* Deal expands Generali's business in fast-growing eastern
* First major transaction by new CEO Mario Greco
* Buyout partly financed by recently-issued 30-year bond
* Generali to install own management
* Czech group may use funds to pay off debt
(Adds comments on asset sales, solvency ratio, shares,
By Lisa Jucca and Gianluca Semeraro
MILAN, Jan 8 Italy's largest insurer Generali
said on Tuesday it will buy out the rest of an eastern
European joint venture it holds with Czech group PPF for 2.5
billion euros ($3.3 billion), increasing its exposure to the
It is the first major deal struck by Generali's new chief
executive, Mario Greco, who was appointed in August to improve
profitability at Europe's third-largest insurer behind Allianz
and Axa, and review its portfolio of assets.
Generali said eastern Europe was now its fourth biggest
market and growing faster than western Europe, with gross
premiums totalling 4 billion euros at the end of 2011, from 1
billion euros in 2007.
Generali has a long-standing and sizeable business in
eastern Europe, where economic growth is faster and insurance
levels are lower than in mature western European markets.
German-based Allianz and France's Axa also have a strong
presence in the region. Axa has said it aims to increase profits
coming from the region.
Analysts have long said Generali needed to decide on the
future of its relationship with PPF, which had an option to sell
its 49 percent stake in Generali PPF Holding (GPH) to Generali
or a third party. Generali's shares rose 1.25 percent to 14.5
euros after the buyout was announced.
"The deal provides clarity and greater certainty over our
strategy in central and eastern Europe," Greco told analysts in
a conference call.
The purchase of the stake Generali does not yet own in GPH
will be carried out in two stages, with Generali buying a 25
percent stake by 28 March 2013 and the rest at the end of 2014.
Generali will use the cash it has raised through a recently
issued 30-year bond to finance the first tranche of the deal,
whose negative impact on the group's solvency ratio - a key
measure of financial strength - will be offset by the debt
Generali forecast a pro-forma solvency ratio of 150-155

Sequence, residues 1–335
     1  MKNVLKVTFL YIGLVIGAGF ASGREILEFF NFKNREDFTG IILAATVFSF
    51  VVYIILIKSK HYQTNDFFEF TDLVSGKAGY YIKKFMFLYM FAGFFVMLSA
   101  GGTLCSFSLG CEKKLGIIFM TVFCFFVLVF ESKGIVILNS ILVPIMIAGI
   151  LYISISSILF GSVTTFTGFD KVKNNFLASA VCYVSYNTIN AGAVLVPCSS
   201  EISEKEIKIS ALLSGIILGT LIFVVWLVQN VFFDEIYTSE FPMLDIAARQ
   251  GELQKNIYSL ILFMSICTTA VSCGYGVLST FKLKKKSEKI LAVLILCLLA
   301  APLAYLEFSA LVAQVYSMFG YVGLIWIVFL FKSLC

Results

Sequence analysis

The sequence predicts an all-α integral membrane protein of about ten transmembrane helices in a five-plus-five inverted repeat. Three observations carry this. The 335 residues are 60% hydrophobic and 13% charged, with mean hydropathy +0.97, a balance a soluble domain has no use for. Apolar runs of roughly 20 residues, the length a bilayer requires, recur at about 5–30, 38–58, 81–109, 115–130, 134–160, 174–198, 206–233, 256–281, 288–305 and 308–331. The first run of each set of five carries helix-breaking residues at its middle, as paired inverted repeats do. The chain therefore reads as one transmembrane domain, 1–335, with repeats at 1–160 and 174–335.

percent for the end of 2012, up from 140 percent in September,
and Greco said the group would need no external resources to
fund the second tranche of the deal.
"It's a totally manageable amount of money," said Greco, who
will present the result of his strategic review to investors in
London on Jan. 14.
Generali is expected to beef up its financial war chest
through the sale of Swiss-based private bank BSI, which some
analysts have said could fetch as much as 2 billion euros, and
its U.S. reinsurance business.
Chief Financial Officer Alberto Minali told analysts the
group was about to receive non-binding offers for both units,
and the disposal process was going according to plan.
Analysts said the deal with PPF removed uncertainty and
provided a better view on Generali's ability to finance the
"It should put an end to the rumours related to a capital
increase aiming at funding the purchase of the minority stake in
one go," Mediobanca said in a note.
However, it added the disposals of BSI and the U.S.
reinsurance unit would not be easy and that the recent bond
issuance made Generali the highest leveraged company among large
European insurers and reinsurers.
Generali said it would discuss the buyout deal with rating
agencies and did not expect it to worsen its credit profile.
Under the terms of the deal, PPF will acquire the insurance
operation of GPH in Russia, Ukraine, Belarus and Kazakhstan for
80 million euros.
The agreement also includes a no-cash equity swap that will
allow Generali to raise its stake in Russian insurer Ingosstrakh
to 38.5 percent by acquiring a stake held by PPF.
PPF will in turn take ownership of Generali's interest in two
private equity businesses.
Generali will install its own management at GPH upon payment
of the first tranche and PPF said the deal included a
352-million-euro dividend payment in the first quarter of 2013.
PPF, which had borrowed 2.1 billion euros from a pool of
banks using its stake in GPH as collateral, could use the
proceeds of the sale to Generali to repay debt and free up funds
for further investments.
(Additional reporting by Silvia Aloisi, and by Jason Hovet in
Prague; editing by Mike Nesbit and Louise Heavens)